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Sustaining an Organizing Drive in Retail: X342099

The drive to organize Kinko's workers in Santa Cruz was started in 1993 along with the founding of the Santa Cruz Branch. The focus of both the drive and the branch was the I.W.W. slogan:

  • Education,
  • Organization,
  • Emancipation.

So, appropriately enough, our first efforts at Kinko's were all related to educating the workers about their legal rights, general labor history and theory, and the history of Kinko's itself. From the beginning, we decided to have the I.W.W. delegates who were working at Kinko's act as co-worker advocates in an unofficial capacity.

These concepts worked well as we continued to develop them. We held weekly "cafes" in the homes of fellow workers where we answered questions, exchanged literature, played Bridge, Scrabble, and sang many a raucous union song. Hosting these gatherings for fellow workers in their homes, delegates became known as reliable sources of information and responsible representatives of the union. These dedicated Kinkoids served as Co-workers' advocates on the job site and were able to make both effective changes in Co-worker culture as well as in immediate working conditions.

After several months of educating Co-workers about their history and legal rights, an important ideological change happened on the shop floor: Co-workers started taking responsibility for their rights themselves and started asking questions about what they should be doing.

We have addressed many issues of concern for Kinko's Co-workers, such as: Health and Safety codes, timeliness of reviews and raises, unannounced schedule changes, the dress code, and generally bad managerial attitudes. There seem to be as many direct action tactics as there are Co-workers; Kinkoids are nothing if not creative. As a delegate, my favorite tactic is to schedule myself to give an immediately useful presentation at our mandatory monthly store meetings. So far I've instituted an emergency plan for the building (there wasn't even a First-Aid Kit when I was hired), given a talk about copyright law, and presented a workshop on how to fill out order forms and translate Kinko's arcane, in-store symbols. All delegates in our store seem to make it their business to be the life of the party at monthly meetings. We bravely ask pertinent questions like "Won't Workers Compensation stop covering us if we don't have a safety training program?" or "What is `practically non-toxic in rats' supposed to mean, anyway?" (from the Material Data Safety Handbook). The Co-workers quickly picked up on this idea and started asking anything and everything they wanted to. The managers in turn were properly dismayed and finally asked us if we wouldn't like to go bowling instead. We politely declined.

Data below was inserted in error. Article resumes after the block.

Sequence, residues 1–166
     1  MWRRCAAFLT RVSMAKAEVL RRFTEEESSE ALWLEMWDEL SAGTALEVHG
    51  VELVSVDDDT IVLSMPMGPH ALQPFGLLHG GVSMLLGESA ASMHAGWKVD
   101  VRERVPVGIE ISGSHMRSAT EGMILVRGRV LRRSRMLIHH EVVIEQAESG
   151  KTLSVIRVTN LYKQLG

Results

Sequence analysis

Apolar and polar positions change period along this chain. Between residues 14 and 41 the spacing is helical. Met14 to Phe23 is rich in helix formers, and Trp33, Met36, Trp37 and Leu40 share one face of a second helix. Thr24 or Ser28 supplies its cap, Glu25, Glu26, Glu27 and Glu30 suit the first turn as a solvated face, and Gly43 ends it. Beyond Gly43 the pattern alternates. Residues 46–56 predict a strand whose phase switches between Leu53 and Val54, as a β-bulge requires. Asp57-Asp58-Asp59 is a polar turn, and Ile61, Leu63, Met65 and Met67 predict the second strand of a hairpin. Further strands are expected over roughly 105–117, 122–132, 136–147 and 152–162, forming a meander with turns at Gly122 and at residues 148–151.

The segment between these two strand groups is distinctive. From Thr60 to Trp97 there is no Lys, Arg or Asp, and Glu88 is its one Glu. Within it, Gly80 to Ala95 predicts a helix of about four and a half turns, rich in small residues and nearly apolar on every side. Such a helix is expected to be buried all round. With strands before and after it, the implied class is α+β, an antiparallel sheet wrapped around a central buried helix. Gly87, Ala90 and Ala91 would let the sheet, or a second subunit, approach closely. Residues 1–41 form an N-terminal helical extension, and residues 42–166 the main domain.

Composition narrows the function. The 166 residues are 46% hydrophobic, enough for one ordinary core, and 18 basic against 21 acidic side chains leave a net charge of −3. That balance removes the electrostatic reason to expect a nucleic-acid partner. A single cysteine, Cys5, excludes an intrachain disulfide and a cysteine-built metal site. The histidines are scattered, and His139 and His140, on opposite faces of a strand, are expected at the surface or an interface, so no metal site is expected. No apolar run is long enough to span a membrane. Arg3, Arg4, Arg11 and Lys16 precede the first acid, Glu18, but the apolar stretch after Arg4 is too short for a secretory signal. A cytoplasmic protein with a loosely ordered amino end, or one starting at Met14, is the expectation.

Another prominent change in store culture came with the arrival of the first Co-worker Factszine; this publication changed not only the attitudes of Co-workers and their managers, but affected nationwide company policy as well. In every store of our region, the bosses removed our bulletin boards and replaced them with ones reserved only for company information. All outside publications, such as daily and weekly newspapers, were removed from the stores on command from regional administration. This created quite a stir with the customers who were used to having something to read in line at Kinko's.

The Co-workers themselves had mixed feelings about the Factszine. On one side it had brought more restrictions to their workplace, but on the other side they discovered that they were not alone in organizing at Kinko's. The Factszine also had the effect of forcing some Co-workers out of the closet as I.W.W. members, thereby making them more visible and effective. As things have heated up, Co-workers have also become interested in coming to meetings outside the store. Currently, more Co-workers are coming to Branch meetings as well as meeting frequently on their own. Some Co-workers have developed a positive habit of meeting after work to bitch about their jobs and share information. This is a surprisingly sustainable tactic and one that our managers haven't failed to notice.

At present, Kinko's Wobblies are experiencing a "changing of the guard." Several 'K-Wobs' have left recently and new ones have taken on delegate status to fill their shoes. We view this as a sign of the sustainability of our drive and a validation of our original goals as well as the delegate system. As Co-workers leave our store, they take their experiences as organizers with them to other workplaces in Santa Cruz and to other Kinko's all over the U.S. In other words, we think our plan is working.

In Solidarity

X342099 secret agent 99 still working for Control ... of the point of production.